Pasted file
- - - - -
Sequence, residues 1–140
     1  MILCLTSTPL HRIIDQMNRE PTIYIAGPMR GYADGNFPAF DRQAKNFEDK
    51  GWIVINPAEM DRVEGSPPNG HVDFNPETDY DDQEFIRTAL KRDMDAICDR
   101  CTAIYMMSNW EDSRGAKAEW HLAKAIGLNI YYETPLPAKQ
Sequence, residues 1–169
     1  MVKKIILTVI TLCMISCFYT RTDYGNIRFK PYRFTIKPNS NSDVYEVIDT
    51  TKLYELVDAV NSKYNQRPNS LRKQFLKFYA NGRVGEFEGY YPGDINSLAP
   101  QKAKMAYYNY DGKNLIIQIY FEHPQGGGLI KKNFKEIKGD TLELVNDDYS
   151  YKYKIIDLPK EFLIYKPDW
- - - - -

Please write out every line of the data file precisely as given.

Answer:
Sequence, residues 1–140
     1  MILCLTSTPL HRIIDQMNRE PTIYIAGPMR GYADGNFPAF DRQAKNFEDK
    51  GWIVINPAEM DRVEGSPPNG HVDFNPETDY DDQEFIRTAL KRDMDAICDR
   101  CTAIYMMSNW EDSRGAKAEW HLAKAIGLNI YYETPLPAKQ
Sequence, residues 1–169
     1  MVKKIILTVI TLCMISCFYT RTDYGNIRFK PYRFTIKPNS NSDVYEVIDT
    51  TKLYELVDAV NSKYNQRPNS LRKQFLKFYA NGRVGEFEGY YPGDINSLAP
   101  QKAKMAYYNY DGKNLIIQIY FEHPQGGGLI KKNFKEIKGD TLELVNDDYS
   151  YKYKIIDLPK EFLIYKPDW